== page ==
38% of children in ICU with Covid 19 needed ventilator support: Study
Researchers have found in a multicenter, cross-sectional study that eighteen (38%) of 48 COVID-19 patients younger than 17 years hospitalized in 14 pediatric intensive care units (PICUs) in the United States from Mar 14 to Apr 3 required mechanical ventilation. The study has been published in JAMA Pediatrics.
The recent and ongoing coronavirus disease 2019 (COVID-19) pandemic has taken an unprecedented toll on adults critically ill with COVID-19 infection. While there is evidence that the burden of COVID-19 infection in hospitalized children is lesser than in their adult counterparts, to date, there are only limited reports describing COVID-19 in pediatric intensive care units (PICUs).
The researchers conducted a study to provide an early description and characterization of COVID-19 infection in North American pediatric intensive care units (PICUs) focusing on the mode of presentation, presence of comorbidities, the severity of the disease, therapeutic interventions, clinical trajectory, and early outcomes. This cross-sectional study included children positive for COVID-19 admitted to 46 North American PICUs between March 14 and April 3, 2020. with follow-up to April 10, 2020.
Thirty-three patients (69%) were seriously or critically ill, and 12 (25%) needed drugs to regulate their blood pressure. Thirty-nine patients (81%) required respiratory support, and 21 (44%) received noninvasive ventilation. Six patients (13%) needed additional modes of ventilation or life support. Forty patients (83%) had significant underlying diseases, half with 1 comorbidity, 8 (17%) with 2 comorbidities, and 9 (19%) with at least 3 comorbidities. The patients ranged in age from 4 to 16 years, with a median age of 13.Nineteen patients (40%) had complex medical conditions with chronic dependence on technological support, such as tracheostomy associated with developmental delays or congenital abnormalities, while 11 (23%) had immune suppression or cancer, 7 (15%) were obese, 4 (8%) had diabetes, 3 each (6%) had seizures or congenital heart disease, and 2 each (4%) had sickle cell disease, chronic lung disease, or other congenital malformations.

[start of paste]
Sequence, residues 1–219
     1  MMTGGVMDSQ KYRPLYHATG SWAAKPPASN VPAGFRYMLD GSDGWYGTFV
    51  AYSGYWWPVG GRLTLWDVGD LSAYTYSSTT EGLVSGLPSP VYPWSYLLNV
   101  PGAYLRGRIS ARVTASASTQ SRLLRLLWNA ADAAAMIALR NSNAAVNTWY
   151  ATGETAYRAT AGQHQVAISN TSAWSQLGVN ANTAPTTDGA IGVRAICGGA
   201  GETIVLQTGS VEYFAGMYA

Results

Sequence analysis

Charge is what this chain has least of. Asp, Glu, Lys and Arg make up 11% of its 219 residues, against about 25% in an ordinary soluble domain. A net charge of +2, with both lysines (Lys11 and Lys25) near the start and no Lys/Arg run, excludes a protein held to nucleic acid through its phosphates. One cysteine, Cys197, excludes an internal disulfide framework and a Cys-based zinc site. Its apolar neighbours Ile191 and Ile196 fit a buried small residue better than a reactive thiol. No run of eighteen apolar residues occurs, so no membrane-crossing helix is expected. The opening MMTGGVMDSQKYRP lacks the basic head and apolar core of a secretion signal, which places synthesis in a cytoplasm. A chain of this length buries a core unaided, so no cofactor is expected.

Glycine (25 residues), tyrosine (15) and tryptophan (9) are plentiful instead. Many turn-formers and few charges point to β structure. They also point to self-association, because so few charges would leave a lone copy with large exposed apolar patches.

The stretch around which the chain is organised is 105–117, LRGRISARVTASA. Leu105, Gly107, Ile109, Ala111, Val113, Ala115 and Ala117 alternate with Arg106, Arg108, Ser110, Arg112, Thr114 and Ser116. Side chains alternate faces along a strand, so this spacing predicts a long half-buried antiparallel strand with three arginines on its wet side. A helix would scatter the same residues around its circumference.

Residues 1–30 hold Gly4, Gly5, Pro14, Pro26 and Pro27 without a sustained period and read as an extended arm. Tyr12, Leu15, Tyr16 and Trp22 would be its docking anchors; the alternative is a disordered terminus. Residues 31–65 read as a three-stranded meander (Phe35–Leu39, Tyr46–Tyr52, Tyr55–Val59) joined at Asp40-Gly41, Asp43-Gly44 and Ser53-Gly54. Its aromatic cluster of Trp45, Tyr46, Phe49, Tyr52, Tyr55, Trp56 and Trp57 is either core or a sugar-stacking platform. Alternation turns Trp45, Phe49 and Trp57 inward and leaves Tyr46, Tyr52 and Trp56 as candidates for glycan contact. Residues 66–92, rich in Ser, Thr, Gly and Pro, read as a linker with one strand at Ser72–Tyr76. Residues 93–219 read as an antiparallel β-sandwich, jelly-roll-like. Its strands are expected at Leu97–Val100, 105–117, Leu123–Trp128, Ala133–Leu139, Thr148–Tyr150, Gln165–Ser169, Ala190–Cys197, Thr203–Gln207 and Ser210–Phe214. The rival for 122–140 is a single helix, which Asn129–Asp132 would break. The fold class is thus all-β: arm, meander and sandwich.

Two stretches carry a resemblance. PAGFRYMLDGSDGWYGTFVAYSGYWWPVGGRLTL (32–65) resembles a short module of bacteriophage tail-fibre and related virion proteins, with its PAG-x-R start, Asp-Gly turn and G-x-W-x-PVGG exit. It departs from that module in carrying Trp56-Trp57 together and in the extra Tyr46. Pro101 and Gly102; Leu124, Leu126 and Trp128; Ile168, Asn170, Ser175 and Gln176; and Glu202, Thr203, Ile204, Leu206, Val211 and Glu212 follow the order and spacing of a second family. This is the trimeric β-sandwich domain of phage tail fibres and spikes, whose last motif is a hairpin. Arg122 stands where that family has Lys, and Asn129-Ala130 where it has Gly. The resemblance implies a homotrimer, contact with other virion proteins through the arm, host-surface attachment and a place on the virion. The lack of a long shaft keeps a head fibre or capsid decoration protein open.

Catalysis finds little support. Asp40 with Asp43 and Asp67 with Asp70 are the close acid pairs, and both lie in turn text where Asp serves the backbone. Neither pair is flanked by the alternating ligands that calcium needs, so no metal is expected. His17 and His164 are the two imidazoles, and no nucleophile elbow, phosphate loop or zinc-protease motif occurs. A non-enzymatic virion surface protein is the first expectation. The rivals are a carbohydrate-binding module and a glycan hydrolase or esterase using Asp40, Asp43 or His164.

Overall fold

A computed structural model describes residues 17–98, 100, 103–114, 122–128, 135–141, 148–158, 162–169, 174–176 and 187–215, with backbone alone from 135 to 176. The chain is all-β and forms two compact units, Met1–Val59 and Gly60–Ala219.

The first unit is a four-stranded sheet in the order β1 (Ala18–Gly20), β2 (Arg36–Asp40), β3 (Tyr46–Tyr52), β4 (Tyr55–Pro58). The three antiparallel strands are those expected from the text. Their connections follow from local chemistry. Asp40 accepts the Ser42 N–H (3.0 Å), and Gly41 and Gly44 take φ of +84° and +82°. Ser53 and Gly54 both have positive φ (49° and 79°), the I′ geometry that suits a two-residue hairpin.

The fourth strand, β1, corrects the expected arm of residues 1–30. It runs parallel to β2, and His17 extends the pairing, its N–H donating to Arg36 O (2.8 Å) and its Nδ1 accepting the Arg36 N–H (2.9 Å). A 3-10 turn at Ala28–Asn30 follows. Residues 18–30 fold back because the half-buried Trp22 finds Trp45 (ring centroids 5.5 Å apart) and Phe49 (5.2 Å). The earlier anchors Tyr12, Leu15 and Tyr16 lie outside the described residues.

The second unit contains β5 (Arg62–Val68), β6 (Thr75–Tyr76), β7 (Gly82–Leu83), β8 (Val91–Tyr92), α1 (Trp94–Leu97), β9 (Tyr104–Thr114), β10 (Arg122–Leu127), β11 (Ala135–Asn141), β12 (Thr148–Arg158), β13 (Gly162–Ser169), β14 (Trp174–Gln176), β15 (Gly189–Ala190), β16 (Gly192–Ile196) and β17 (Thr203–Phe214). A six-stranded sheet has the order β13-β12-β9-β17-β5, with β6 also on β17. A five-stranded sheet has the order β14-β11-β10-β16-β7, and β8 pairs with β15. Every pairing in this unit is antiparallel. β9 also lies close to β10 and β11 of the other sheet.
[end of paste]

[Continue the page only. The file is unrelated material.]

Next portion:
The researchers concluded that this early report confirms that severe illness in children is significant but far less frequent than in adults. Prehospital comorbidities appear to be an important factor in children. We can be cautiously encouraged by the hospital outcomes for patients in this series, with an overall intensive care unit mortality at the end of our follow-up period of less than 5% compared with published mortalities of 50% to 62% in adults admitted to the ICU," the authors wrote.
These preliminary observations provide an important platform for larger and more extensive studies of children with COVID-19 infection.
For further reference log on to: JAMA Pediatr. Published online May 11, 2020. DOI:10.1001/jamapediatrics.2020.1948